but that for slow probing rates, rate-limiting is very, very rare. For our random sample of 40,493 /24 blocks (about 2\% of the responsive space), we confirm 6 blocks (0.02%!) see rate limiting
at 0.39 packets/s per block. We look at higher rates in public datasets
and suggest that fall-off in responses as rates approach 1 packet/s per /24 block (14M packets/s from the prober to the whole Internet),
is consistent with rate limiting. We also show that even very slow probing (0.0001 packet/s) can encounter rate limiting of NACKs that are concentrated at a single router near the prober.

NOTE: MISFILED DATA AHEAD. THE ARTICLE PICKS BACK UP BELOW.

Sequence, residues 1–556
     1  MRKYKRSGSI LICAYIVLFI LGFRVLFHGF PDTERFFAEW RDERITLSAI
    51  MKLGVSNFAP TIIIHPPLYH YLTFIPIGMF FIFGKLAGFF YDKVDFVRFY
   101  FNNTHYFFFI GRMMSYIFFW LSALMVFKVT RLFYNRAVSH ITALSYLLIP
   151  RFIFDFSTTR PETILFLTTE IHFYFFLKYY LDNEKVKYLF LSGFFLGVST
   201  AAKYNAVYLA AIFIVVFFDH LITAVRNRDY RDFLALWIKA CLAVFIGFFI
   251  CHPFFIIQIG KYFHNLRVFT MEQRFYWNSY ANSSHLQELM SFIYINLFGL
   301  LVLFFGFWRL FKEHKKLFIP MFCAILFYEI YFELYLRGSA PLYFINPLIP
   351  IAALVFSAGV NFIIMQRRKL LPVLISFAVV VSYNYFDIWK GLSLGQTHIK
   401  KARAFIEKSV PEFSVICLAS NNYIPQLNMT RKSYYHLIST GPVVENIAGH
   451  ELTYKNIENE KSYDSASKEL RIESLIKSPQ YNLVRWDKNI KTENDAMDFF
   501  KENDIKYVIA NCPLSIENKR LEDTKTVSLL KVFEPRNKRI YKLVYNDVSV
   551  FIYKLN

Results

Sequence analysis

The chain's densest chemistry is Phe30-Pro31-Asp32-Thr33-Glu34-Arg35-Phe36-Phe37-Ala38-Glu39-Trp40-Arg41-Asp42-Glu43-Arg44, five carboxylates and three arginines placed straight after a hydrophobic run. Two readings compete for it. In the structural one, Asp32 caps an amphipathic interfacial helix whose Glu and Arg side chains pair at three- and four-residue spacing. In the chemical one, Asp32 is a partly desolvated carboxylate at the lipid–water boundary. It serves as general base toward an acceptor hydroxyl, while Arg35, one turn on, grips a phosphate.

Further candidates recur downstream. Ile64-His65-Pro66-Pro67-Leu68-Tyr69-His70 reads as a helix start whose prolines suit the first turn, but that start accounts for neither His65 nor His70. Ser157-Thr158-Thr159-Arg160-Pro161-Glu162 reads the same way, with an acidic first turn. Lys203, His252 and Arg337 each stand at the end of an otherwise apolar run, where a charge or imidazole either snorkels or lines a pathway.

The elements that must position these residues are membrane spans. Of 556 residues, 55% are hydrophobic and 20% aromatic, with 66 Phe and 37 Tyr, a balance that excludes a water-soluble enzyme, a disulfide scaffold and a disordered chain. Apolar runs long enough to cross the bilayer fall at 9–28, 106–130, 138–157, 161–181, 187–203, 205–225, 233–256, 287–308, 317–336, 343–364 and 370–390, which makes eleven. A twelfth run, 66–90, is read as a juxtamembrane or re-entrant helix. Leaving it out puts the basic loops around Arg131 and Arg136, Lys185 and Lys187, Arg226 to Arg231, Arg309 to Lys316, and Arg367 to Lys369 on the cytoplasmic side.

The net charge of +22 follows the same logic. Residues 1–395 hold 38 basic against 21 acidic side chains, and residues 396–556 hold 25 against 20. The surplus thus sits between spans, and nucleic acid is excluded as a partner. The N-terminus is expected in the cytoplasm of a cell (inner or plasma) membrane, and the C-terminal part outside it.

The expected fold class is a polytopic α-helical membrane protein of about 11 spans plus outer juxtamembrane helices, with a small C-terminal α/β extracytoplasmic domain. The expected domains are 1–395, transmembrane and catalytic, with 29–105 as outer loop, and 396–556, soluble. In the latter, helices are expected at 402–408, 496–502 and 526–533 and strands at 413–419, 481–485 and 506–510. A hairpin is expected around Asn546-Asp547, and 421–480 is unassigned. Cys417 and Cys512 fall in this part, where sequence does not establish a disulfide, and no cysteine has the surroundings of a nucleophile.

Datasets we used in this paper are all public. ISI Internet Census and Survey data (including it71w, it70w, it56j, it57j and it58j census and survey) are available at https://ant.isi.edu/datasets/index.html. ZMap 50-second experiments data are from their WOOT 14 paper and can be obtained from ZMap authors upon request.

This technical report is joint work of Hang Guo and  John Heidemann from USC/ISI.

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new conference paper “Does Anycast Hang up on You?” in TMA 2017

The paper “Does Anycast hang up on you?” will appear in the 2017 Conference on Network Traffic Measurement and Analysis (TMA) July 21-23, 2017 in Dublin, Ireland.

From the abstract: